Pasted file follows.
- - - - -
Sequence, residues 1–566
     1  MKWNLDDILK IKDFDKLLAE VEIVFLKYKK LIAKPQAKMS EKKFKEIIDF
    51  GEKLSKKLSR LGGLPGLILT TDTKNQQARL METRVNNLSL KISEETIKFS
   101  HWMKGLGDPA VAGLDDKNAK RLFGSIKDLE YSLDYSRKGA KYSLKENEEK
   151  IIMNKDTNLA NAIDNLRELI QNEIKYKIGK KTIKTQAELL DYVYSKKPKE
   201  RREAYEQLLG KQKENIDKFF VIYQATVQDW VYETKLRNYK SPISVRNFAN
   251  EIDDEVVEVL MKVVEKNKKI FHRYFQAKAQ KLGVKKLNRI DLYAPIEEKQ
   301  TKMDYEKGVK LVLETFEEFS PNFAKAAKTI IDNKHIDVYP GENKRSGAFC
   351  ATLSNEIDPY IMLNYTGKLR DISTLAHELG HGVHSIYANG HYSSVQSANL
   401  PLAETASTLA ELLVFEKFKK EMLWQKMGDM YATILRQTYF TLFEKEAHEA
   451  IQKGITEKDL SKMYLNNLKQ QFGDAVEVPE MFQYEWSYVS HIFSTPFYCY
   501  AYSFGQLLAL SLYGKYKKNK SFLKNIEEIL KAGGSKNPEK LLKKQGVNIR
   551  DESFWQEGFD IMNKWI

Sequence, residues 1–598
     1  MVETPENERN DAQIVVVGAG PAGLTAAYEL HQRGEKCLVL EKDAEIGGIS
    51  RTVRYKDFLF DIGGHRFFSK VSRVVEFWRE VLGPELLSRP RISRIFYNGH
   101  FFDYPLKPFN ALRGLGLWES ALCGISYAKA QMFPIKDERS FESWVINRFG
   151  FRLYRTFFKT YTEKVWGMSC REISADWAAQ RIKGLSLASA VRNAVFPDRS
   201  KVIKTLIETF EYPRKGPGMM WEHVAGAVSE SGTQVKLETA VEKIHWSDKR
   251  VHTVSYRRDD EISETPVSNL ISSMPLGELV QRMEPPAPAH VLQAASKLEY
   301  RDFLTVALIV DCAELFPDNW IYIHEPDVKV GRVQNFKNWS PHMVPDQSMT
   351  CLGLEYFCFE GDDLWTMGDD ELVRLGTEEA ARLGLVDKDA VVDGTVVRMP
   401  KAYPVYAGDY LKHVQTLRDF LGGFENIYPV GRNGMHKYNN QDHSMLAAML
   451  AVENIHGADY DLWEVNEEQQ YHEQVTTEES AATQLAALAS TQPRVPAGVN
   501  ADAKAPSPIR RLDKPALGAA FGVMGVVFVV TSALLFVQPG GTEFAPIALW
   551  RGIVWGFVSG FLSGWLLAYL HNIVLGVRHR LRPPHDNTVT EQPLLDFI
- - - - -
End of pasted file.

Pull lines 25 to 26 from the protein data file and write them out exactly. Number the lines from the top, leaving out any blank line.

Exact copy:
   501  ADAKAPSPIR RLDKPALGAA FGVMGVVFVV TSALLFVQPG GTEFAPIALW
   551  RGIVWGFVSG FLSGWLLAYL HNIVLGVRHR LRPPHDNTVT EQPLLDFI